Power crisis: Slow progress in launching power projects | Sunday Observer

Power crisis: Slow progress in launching power projects

The Ceylon Electricity Board’s (CEB) slow progress and delays in launching power projects will exacerbate the impending power crisis in the country, Secretary to the Ministry of Power and Renewable Energy, Dr. Suren Batagoda has said in a letter to government authorities.

In his letter, the Ministry secretary states that he “has clearly highlighted the seriousness of the issue and given directions to expedite the procurement process of the two power plants.

However, it seems that CEB board and staff have not understood the gravity of the situation.”

According to forecasts by the CEB, Sri Lanka is expecting an annual power demand increase of at least 4% to 5% during the next few years. Based on preliminary estimates which were prepared by power generation planning experts, the CEB will need at least 600 megawatts of additional power by 2018.

In the letter, Dr. Batagoda explicitly states that the Cabinet Committee which met on June 8, promised to float tenders to procure a 300 mw combined cycle power and a 170 mw duel fuel power plant by July 15. The ministry appointed a technical committee comprising five people from the CEB, an official each from the Ministry, Ceylon Petroleum Corporation, Department of National Planning and the Central Bank.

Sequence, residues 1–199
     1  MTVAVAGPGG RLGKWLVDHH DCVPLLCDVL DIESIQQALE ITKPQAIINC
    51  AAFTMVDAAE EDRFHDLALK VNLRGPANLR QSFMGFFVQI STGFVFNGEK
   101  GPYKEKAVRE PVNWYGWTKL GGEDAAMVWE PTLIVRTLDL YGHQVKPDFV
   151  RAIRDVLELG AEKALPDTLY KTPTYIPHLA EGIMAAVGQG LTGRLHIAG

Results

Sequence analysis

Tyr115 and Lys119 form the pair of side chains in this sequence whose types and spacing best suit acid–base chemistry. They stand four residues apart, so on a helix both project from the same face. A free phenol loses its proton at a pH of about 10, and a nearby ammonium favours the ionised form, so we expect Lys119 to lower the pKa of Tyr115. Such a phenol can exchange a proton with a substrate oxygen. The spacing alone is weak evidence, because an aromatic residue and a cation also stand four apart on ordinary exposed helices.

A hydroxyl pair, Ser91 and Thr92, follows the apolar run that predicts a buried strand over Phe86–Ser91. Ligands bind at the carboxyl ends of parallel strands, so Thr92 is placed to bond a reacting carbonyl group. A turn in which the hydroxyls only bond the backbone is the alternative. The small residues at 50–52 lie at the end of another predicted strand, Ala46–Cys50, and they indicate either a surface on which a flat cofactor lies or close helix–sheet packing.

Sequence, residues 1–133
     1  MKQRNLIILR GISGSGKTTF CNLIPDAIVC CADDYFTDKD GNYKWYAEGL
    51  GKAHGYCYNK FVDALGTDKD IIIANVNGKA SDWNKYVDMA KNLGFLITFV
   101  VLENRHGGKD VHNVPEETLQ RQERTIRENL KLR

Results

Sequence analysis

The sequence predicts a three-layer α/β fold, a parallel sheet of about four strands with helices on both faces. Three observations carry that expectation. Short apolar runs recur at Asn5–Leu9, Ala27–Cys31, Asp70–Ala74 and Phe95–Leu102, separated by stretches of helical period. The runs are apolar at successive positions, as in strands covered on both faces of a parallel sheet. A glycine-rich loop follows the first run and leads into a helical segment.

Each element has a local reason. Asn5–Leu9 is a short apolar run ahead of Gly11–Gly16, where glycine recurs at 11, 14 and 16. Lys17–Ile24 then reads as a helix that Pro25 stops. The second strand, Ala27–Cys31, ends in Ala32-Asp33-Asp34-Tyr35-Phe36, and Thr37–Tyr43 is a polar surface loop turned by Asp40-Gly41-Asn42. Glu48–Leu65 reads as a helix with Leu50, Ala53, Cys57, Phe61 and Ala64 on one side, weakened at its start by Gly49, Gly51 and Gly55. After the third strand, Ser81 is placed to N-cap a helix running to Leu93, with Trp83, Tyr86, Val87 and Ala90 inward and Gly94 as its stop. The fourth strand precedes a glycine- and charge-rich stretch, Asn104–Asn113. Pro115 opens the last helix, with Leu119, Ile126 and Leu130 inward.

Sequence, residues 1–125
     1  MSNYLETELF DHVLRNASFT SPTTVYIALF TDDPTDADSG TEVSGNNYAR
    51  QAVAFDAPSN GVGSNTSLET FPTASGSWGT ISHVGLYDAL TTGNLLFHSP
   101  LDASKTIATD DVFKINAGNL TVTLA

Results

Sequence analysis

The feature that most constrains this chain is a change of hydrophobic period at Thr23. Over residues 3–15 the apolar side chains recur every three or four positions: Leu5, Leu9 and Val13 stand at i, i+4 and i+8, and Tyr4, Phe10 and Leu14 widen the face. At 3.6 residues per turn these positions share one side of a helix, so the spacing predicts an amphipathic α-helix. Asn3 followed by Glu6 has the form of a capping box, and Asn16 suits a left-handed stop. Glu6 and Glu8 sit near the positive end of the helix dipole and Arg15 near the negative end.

“Time schedules were discussed and agreed upon, whereby the committee would call for submissions by the 15th of this month, the proposals to be evaluated by October 29 and tender to be awarded by 12th of next month. Two years was allotted for construction work after which by October 2018, these plants would have been commissioned,” Dr. Batagoda states.

He adds “tenders should have been called on 15th July, however, five months have lapsed since this committee was appointed and tender documents were yet to be prepared.”

The letter also details that the same committee was appointed to procure 170 mw of barge mounted power plants to be commissioned by April next year to avert a power crisis during the drought in April next year.

The committee was to have evaluated proposals by the 29th this month with tenders to be awarded by November 12. Six months were to be allocated for construction and the expected completion in April 2017.

“It is unfortunate that five months have lapsed and the relevant work had not even begun. At this rate we will not be able to commission this plant which would have helped us,” he said adding that the country was heading nosedive into a power crisis knowing that every opportunity to avert the crisis was blatantly dismissed.

Comments